Back in the current Teen Titans (#58 written by Sean McKeever, pencilled by Carlos Rodriguez, and inked by various people), this month Miss Martian must fight not only the Terror Titans, but also her evil conscience. (I’ve been reading too many solicitations.) Not knowing much about the character, I thought this was a good way to highlight her inner turmoil. I was a little confused at first, thinking that her Evil Self was somehow connected to her Evil Future Self from a few issues back, but that was cleared up soon enough. The art was decent: not too far from the book’s normal style, not too flashy, but adequate for the job at hand.

I get the feeling I should like “Secret Origin,” part 2 of which appears in Green Lantern #30 (written by Geoff Johns, pencilled by Ivan Reis, inked by Oclair Albert), but it keeps falling flat for me. I shouldn’t fault it for changing Hal’s origin so that only he (and not the little training capsule) is yanked out of the hangar by Abin Sur’s ring. Working classic GL characters into the background is also acceptable, as is tying it into “The Blackest Night” and the Ysmault prophecies. Maybe I just have a problem with Ivan Reis drawing Hal to look 17 years old; or with Johns having Hal cause a rival to crash. Otherwise, “Secret Origin” is appropriately reverent, which is nice. I don’t dislike this storyline, but I like it less than Johns’ and Reis’ other GL work.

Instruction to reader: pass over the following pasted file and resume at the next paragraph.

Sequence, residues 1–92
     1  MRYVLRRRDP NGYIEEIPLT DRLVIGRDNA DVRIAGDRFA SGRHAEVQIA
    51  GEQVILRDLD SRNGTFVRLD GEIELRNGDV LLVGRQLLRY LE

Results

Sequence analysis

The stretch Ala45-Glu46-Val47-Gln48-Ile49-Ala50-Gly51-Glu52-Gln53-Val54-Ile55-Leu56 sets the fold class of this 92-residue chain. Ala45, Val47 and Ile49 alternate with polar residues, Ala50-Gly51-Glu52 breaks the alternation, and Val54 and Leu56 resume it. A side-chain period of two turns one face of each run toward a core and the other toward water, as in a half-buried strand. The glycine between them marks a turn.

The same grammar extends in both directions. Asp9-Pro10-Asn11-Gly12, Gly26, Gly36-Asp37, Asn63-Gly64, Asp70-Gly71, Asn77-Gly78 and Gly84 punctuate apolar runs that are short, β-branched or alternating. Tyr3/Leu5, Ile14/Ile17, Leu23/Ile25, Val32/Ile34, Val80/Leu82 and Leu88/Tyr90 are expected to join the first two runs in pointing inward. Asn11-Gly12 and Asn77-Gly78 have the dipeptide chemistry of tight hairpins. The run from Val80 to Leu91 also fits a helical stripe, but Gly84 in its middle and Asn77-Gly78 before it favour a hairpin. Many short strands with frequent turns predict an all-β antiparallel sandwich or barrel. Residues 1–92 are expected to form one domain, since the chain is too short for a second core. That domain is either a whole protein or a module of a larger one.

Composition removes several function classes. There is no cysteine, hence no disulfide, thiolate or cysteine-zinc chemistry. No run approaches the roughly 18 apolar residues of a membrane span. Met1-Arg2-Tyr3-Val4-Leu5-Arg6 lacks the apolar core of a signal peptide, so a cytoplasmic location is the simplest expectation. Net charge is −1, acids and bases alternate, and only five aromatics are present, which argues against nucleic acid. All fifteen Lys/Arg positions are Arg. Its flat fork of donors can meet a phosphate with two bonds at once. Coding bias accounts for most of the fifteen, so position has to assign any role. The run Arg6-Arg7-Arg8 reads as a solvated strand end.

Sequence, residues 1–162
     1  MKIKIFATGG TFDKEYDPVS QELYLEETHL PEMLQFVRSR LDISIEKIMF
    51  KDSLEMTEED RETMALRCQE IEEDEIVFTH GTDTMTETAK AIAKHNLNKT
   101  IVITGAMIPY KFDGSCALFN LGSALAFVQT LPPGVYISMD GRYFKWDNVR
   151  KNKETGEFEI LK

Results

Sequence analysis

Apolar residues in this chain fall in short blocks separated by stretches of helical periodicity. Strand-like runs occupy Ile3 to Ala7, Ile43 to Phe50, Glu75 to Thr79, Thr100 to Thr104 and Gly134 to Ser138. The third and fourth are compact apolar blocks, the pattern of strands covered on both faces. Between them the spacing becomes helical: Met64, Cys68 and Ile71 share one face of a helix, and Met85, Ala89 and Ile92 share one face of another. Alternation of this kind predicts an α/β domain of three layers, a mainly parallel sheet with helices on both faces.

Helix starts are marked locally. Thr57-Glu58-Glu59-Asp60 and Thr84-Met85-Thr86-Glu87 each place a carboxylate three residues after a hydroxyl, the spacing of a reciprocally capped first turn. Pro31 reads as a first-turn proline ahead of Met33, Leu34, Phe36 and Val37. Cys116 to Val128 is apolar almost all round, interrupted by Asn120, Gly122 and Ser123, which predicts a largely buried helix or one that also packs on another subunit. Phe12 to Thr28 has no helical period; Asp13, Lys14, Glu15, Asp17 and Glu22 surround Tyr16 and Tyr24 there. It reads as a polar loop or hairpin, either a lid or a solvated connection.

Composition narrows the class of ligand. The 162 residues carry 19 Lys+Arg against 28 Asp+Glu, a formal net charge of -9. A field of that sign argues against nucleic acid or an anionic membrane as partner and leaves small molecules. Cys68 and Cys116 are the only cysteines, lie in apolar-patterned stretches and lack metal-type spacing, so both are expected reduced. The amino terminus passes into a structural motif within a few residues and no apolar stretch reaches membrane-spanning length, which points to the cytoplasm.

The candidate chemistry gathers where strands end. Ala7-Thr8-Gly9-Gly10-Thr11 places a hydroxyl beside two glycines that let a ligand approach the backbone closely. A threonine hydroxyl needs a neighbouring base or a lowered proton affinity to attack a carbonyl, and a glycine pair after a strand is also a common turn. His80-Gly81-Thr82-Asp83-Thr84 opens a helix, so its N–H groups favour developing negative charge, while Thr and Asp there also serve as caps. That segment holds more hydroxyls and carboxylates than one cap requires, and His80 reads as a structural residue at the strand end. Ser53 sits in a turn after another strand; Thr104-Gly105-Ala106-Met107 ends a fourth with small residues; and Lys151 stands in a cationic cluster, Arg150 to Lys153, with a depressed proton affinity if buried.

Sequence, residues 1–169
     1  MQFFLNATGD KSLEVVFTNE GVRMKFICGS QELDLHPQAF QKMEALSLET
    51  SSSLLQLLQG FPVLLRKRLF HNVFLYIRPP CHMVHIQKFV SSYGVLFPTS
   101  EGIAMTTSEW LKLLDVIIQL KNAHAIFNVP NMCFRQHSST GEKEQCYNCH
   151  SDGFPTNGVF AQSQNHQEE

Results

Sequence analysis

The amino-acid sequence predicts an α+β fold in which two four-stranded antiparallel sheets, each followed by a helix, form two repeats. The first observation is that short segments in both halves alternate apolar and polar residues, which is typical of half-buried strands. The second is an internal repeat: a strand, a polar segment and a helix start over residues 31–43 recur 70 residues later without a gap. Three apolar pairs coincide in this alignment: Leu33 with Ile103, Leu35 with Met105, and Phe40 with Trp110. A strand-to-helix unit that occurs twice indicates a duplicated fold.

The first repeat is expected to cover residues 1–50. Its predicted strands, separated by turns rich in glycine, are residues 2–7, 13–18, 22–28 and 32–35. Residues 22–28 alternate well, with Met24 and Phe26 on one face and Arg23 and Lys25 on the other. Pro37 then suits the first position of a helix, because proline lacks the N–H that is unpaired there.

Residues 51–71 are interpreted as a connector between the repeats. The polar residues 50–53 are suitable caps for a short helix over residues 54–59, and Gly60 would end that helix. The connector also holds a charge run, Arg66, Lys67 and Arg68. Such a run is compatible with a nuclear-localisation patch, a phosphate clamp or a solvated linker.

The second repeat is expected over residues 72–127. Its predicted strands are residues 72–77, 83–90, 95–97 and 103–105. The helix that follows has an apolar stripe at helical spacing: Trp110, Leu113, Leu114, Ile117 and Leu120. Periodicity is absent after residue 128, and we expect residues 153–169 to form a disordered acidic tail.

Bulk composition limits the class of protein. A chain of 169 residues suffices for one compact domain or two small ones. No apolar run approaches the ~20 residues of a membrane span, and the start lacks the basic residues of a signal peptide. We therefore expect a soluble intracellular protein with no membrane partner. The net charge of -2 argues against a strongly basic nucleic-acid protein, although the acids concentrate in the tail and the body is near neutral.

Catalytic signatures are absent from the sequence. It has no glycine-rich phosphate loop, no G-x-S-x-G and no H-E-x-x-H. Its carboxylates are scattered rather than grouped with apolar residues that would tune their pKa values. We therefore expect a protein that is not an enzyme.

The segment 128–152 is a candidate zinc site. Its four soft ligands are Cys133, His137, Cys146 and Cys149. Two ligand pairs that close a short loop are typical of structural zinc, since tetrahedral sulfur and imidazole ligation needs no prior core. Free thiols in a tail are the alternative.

Johns does better with Action Comics #864 (pencilled by Joe Prado, inked by Jon Sibal), a bridge between Countdown and Legion of Three Worlds which plays like a standalone murder mystery. Basically, Batman and Lightning Lad (of the “Earth-1 Legion”) clash over the corpses of Karate Kid and Una. Batman also makes the point that he’s met three different versions of the Legion, so naturally he’s not inclined to trust any of them. The mystery isn’t solved — it’s a teaser for the aforementioned LO3W, after all — but the issue is tied together by a Mysterious Narrator revealed on the last page. Suspenseful! (Also, this week, redundant!) The art is okay — a little too chunky, but not to the point of Liefeldism. I can’t get used to a Grunge-like Lightning Lad, though.